E-mail and other data held by Wall Street’s largest due diligence firm may determine how many cases the government brings against banks and other entities for actions leading to the financial crisis, a U.S. prosecutor said.
Assistant U.S. Attorney Edward Newman, in a hearing yesterday in federal court in Hartford, Connecticut, urged a judge to compel Clayton Holdings LLC to turn over due diligence reviews, as well as all communications between its employees and clients for whom it performed the reviews from 2005 to 2007 as part of the Justice Department’s probe into residential mortgage backed securities.
“Clayton is part of the puzzle,” Newman said. “Clayton can serve as the jumping off point for the United States to determine where else its inquiry may go.”
The fight over the subpoena underscores the Justice Department’s push to file civil claims against the largest U.S. banks in connection with mortgage-backed securities. The department sued Bank of America Corp. in August as New York-based JPMorgan Chase & Co. disclosed criminal and civil investigations. Bank of America, based in Charlotte, North Carolina, has denied wrongdoing and said it will fight the suit.
Clayton, based in Shelton, Connecticut, was a “major provider of third-party due diligence services” to the Wall Street firms that packaged mortgages into bonds for sale to investors, according to the Financial Crisis Inquiry Commission’s 2011 report.
Clayton describes its due diligence work as evaluating the quality of the mortgages to be packaged against the customers’ credit standards. Clayton said it didn’t do any independent investigation of the underwriting of those loans, which constituted a sampling provided by their clients.
Marc Rothenberg, a lawyer for Clayton at Blank Rome LLP, said Clayton has cooperated with U.S. authorities over the past six years and routinely provides documents and witnesses to aid in RMBS probes.
He argued that the Justice Department’s subpoena, issued in July, was overly broad and an attempt by the government to establish a repository of information on Clayton’s almost 200 clients that prosecutors can use at their convenience.
Rothenberg said the subpoena should be limited to the 16 financial institutions the department told him in June were under investigation.
Newman said the government’s probe wasn’t limited to 16 firms, though he asked U.S. Magistrate Judge Donna Martinez to order Clayton to immediately produce any due diligence reports the company had completed for those institutions.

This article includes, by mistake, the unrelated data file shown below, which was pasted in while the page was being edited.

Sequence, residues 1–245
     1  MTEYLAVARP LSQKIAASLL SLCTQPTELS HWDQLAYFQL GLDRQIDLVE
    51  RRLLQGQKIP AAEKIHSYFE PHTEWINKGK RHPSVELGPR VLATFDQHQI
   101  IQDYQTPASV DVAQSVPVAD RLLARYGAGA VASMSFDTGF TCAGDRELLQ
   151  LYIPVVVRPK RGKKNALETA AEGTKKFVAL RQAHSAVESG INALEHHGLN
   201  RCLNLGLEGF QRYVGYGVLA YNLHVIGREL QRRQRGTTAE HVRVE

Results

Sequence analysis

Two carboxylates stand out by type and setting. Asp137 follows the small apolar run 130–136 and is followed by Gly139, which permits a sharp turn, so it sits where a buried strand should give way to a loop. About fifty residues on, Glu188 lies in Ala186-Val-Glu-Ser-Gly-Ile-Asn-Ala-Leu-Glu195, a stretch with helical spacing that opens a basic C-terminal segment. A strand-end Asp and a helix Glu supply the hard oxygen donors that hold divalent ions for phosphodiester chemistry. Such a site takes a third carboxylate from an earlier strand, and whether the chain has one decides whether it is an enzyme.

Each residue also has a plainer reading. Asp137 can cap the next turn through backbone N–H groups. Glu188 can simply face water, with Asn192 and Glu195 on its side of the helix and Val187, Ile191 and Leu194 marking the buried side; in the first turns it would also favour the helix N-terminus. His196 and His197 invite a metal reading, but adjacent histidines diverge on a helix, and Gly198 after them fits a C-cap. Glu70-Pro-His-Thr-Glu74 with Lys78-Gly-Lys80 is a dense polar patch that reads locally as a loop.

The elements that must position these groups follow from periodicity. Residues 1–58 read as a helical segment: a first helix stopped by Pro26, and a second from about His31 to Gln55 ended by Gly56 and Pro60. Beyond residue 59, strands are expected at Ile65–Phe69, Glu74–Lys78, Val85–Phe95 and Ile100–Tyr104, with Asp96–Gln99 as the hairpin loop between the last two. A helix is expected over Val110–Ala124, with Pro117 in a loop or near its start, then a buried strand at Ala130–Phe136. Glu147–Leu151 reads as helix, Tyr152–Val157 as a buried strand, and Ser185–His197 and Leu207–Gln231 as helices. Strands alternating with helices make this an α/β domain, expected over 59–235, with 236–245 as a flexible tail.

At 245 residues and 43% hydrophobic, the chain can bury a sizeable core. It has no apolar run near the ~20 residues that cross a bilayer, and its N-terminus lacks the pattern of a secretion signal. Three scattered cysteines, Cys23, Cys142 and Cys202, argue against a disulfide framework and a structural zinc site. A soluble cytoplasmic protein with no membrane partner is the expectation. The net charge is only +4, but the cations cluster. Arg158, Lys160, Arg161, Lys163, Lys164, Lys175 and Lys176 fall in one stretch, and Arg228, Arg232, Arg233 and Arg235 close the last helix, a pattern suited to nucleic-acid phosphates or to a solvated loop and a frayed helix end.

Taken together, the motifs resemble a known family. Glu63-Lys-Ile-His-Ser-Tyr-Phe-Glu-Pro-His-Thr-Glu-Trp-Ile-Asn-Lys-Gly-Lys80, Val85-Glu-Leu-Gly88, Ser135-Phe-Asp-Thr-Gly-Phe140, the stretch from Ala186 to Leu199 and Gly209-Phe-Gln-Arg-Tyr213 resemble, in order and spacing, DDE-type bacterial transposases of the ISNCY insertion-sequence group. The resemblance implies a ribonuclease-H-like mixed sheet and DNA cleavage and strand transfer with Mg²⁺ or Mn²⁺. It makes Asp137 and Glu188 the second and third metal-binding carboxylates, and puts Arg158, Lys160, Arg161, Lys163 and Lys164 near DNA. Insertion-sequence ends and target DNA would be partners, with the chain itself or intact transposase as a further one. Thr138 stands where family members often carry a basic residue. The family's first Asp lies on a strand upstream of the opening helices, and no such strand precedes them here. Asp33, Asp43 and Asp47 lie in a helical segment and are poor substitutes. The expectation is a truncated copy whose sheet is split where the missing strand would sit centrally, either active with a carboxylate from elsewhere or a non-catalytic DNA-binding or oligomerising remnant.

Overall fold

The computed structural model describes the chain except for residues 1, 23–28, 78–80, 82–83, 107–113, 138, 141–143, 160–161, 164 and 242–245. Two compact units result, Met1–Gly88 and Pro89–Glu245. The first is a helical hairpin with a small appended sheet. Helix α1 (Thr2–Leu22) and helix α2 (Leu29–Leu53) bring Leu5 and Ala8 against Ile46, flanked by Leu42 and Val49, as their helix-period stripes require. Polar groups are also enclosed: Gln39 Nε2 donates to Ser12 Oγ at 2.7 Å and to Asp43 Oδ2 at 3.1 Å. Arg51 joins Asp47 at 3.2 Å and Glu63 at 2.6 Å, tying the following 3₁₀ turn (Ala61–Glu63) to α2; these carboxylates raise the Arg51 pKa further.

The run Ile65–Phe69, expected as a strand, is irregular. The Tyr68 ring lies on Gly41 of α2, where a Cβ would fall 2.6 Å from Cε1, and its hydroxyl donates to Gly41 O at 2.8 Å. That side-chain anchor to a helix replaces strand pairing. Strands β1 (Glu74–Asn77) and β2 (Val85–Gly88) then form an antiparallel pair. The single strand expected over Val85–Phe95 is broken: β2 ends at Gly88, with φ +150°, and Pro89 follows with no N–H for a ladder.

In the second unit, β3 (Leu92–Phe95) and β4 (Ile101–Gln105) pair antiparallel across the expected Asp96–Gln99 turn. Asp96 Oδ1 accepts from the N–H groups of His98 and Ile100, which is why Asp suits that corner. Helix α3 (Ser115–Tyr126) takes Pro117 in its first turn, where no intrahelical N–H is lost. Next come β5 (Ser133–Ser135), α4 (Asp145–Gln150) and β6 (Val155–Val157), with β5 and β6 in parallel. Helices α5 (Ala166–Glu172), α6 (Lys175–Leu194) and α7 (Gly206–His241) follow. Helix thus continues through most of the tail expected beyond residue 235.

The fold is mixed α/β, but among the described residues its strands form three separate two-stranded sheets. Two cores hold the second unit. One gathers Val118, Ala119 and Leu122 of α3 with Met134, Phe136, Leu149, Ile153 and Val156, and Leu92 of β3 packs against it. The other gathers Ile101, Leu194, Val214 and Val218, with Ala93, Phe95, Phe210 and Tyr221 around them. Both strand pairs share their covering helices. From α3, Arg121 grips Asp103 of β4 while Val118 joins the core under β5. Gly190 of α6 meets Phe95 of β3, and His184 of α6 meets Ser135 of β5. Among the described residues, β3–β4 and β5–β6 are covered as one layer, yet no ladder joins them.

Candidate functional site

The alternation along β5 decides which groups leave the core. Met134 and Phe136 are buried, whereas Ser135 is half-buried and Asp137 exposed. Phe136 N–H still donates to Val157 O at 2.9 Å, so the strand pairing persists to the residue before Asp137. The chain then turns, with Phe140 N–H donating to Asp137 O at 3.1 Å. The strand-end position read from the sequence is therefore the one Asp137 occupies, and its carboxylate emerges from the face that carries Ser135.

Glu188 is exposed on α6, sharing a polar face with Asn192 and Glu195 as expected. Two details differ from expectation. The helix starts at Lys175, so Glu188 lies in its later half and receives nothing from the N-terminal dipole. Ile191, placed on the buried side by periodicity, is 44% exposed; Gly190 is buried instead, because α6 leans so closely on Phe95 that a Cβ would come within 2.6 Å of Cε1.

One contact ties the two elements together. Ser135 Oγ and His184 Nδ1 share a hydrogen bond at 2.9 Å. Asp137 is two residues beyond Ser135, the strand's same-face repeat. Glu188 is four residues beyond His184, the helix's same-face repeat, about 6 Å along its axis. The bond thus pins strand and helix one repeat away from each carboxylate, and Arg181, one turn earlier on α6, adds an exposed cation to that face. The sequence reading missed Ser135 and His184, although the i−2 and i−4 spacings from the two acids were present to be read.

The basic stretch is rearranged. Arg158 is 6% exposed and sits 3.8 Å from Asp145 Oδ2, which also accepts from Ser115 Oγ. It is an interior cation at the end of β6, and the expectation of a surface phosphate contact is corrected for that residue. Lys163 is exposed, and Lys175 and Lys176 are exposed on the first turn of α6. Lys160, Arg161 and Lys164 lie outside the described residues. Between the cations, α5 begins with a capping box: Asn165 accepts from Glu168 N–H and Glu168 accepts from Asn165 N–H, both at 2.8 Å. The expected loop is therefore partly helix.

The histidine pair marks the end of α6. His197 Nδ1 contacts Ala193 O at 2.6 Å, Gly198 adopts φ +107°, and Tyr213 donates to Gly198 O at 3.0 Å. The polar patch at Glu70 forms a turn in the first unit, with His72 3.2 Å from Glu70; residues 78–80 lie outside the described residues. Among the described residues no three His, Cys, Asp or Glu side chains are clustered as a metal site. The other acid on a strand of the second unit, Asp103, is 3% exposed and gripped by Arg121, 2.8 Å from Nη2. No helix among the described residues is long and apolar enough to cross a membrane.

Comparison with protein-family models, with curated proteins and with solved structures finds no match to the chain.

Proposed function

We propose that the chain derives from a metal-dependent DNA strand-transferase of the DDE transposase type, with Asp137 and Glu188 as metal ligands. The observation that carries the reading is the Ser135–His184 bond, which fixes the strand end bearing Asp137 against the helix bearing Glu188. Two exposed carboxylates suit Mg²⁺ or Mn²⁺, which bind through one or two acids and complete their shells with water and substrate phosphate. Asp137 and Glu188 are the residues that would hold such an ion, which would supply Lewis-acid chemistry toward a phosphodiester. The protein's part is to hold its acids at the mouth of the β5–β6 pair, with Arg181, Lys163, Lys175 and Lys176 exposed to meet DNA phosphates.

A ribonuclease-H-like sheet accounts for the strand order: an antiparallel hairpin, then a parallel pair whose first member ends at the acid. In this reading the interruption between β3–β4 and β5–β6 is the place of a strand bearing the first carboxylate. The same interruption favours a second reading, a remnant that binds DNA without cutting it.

“The United States is looking at any entity that might have been the source of the financial meltdown caused by residential mortgage backed securities,” he said.
Private and government plaintiffs, among them the Federal Housing Finance Agency and New York Attorney General Eric Schneiderman, have previously used information from Clayton to bolster suits against banks including JPMorgan, Bank of America Credit Suisse Group AG and Citigroup Inc. An internal report of Clayton’s released by the financial crisis commission showed that securitizers frequently allowed into bond deals mortgages the firm had flagged for failing to meet credit standards.
The subpoena was issued under the 1989 statute called the Financial Institutions Reform, Recovery and Enforcement Act, or FIRREA, which the government is using to pursue RMBS cases against Wall Street banks.
The law, enacted in response to the savings-and-loan crisis of the 1980s, allows the government to seek civil penalties for losses to federally insured financial companies for as long as 10 years.
Newman argued yesterday that the law gives the government broad authority to subpoena “books, papers and other records” that the attorney general deems relevant or material to its RMBS probe.
“Clayton does not get to decide what advances the United States’ investigation,” Newman said. “Under the clear wording of FIRREA, the attorney general does.”
Newman also said the government has concerns about who had access to Clayton’s RMBS database. He said the U.S. learned that Clayton’s clients had some ability to go into the database and make changes.
Robert Harris, Clayton’s general counsel, said clients had “read only” access for much of the database and were limited to inputting comments or waiving a score in a due diligence report, according to an affidavit.
Martinez, who didn’t rule on the request yesterday, told Rothenberg during the hearing that the government probably has the authority to get “a good portion” of the data it’s seeking.
The case is U.S. v. Clayton Holdings LLC, 13-mc-00116, U.S. District Court, District of Connecticut (New Haven).